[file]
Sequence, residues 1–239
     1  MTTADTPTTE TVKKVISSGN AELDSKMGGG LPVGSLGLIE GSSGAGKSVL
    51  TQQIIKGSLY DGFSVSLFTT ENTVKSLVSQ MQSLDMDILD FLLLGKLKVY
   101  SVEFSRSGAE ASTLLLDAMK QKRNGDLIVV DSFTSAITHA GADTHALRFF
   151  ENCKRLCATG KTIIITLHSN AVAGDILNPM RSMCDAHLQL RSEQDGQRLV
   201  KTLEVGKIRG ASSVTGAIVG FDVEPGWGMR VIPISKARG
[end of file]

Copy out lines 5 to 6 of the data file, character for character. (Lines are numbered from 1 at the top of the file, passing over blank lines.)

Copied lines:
   151  ENCKRLCATG KTIIITLHSN AVAGDILNPM RSMCDAHLQL RSEQDGQRLV
   201  KTLEVGKIRG ASSVTGAIVG FDVEPGWGMR VIPISKARG